Southern Electioneering

The other day, I mentioned how few bumper stickers I’ve seen this election season. That observation has held as we have driven south, through Kentucky, Tennessee, and the Carolinas.

As every academic knows, you can’t draw valid conclusions from an inadequate sample. But a couple of the things I have seen are consistent with a theory–espoused by several pundits and even by John Boehner–that this election is all about Obama. (Boehner, you may recall, was asked by a voter for a reason to like Mitt Romney. Boehner basically responded that it wasn’t’ necessary to like Romney–it was enough to loathe Obama.)

On our drive, we’ve seen signs for a Congressional candidate promising to “Stop Obama Now.” And we’ve seen a couple of “NoBama” bumper stickers. That’s it. Not a single pro-Romney sign or sticker, and very few pro-Obama ones.

To some extent, of course, every election featuring an incumbent is a referendum on that incumbent, but in this election, that truism is super-charged by the incumbent’s complexion. I was stunned by the intense hatred of Obama that emerged the day after the election–well before he was inaugurated, before he had done anything. The emergence of the “birthers,” the crazies who insist he was really born in Kenya, that he’s really a Muslim (with a radical Christian pastor!)–all efforts to avoid using the “n” word–are hard to miss. But it isn’t only the obvious racists. There are a lot of people who are simply uncomfortable with a black President.

Is it possible to simply disagree with Obama’s policy choices? Of course. Will many people vote for Romney because they are good Republicans, because they don’t like the direction the President wants to take the country? Of course. To suggest that all or even most opposition to the President is racist would be ridiculous–just as denying the substantial racism that does exist would be ridiculous.

One way or the other, the “referendum effect” will be particularly potent this year, because as John Boehner conceded, it’s hard to actually like Mitt Romney.


  1. The language the “R” people use tells us much:
    They keep saying that “WE need to take ‘OUR’ country back from ‘THEM'”. Similarly, I
    received an Email from a female cousin (Using the computers at the Catholic church in California where she works). It showed several pictures of President Obama with his feet up on this or that piece of furniture. The message (Not implied but boldly declared) was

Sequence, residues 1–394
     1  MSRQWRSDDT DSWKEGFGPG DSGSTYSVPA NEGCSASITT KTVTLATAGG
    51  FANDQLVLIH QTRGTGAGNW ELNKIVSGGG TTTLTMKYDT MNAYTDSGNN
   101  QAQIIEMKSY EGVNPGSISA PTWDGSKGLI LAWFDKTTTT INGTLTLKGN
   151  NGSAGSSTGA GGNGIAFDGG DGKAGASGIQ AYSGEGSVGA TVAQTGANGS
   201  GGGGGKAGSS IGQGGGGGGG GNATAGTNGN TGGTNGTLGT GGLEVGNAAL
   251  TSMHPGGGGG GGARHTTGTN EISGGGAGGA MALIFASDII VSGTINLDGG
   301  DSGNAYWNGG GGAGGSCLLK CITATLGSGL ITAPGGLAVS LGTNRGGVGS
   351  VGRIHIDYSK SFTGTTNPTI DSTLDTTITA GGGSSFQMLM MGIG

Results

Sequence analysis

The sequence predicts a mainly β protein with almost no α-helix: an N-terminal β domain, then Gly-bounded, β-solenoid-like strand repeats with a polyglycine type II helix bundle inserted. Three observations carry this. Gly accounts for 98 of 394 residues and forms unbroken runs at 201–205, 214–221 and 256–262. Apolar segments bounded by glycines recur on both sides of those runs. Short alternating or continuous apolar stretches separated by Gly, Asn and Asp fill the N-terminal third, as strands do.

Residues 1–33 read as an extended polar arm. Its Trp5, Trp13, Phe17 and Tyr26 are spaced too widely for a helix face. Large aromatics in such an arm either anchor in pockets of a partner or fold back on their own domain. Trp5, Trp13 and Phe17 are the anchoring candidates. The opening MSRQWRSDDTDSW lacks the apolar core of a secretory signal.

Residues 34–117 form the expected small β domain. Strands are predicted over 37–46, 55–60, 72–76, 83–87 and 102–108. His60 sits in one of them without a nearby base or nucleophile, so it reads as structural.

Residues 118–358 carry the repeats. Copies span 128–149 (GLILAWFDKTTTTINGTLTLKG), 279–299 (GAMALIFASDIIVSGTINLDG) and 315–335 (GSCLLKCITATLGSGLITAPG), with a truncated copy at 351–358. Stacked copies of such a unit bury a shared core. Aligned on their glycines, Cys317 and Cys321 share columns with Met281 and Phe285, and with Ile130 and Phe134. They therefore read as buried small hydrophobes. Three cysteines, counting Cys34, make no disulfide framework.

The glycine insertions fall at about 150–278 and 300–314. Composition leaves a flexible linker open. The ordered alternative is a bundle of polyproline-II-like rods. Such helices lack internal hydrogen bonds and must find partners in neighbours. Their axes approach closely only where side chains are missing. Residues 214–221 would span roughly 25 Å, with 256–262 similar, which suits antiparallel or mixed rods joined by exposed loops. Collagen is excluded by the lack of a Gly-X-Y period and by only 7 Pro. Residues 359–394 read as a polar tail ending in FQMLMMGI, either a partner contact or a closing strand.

“GET YOUR FEET OFF OF ‘OUR’ FURNITURE” . I think it is fair to say that the “R”
    response to President Obama is plain and simple racism. It just sticks in their craw that
    the BLACK guy is sitting in the big chair. It eats at them day and night. They HATE it
    and they HATE him. That is stoked by all the “dog Whistle” prompting from the drug
    addict draft dodger who is the Grand Wizard of talk radio as well as the Tea Party folks in
    Washington and elsewhere. There MAY be some Republican activists who are not
    overtly racist, but I think it more than fair to call this for what it is. They just HATE that
    black guy. They will be fierce in this campaign. It is a visceral hatred. Good Luck to
    President Obama. This is going to be a tough fight.

  2. This has been a long process, but racism has a place in it. In 1980, Reagan won the election. While he still accepted compromise, many of his supporters felt that they had finally “turned the nation around” and were marching Forward to the Past. Soon the New Deal would be repealed and we could go back to the “good old days”. Some of this was discomfort with the speed and process of change, and some was Reagan’s nod and wink that Philadelphia, MS, site of the murder of civil rights workers, was OK and “welfare queens” were responsible for all bad things.

    When Clinton was elected, many of these people felt betrayed. The country was supposed to be moving in only one direction — theirs. Clinton was accused of all sorts of things from financial crimes to murder. The Gingrich revolution reassured his supporters that the permanent Republican majority (and their brand of Republican) was here. Bush’s election proved it.
    And then, not only was a Democrat elected, but he was BLACK!

    Much racism, but much ideological. Meanwhile, many Republicans were driven from their party leaving it in the hands that those we now see in charge.

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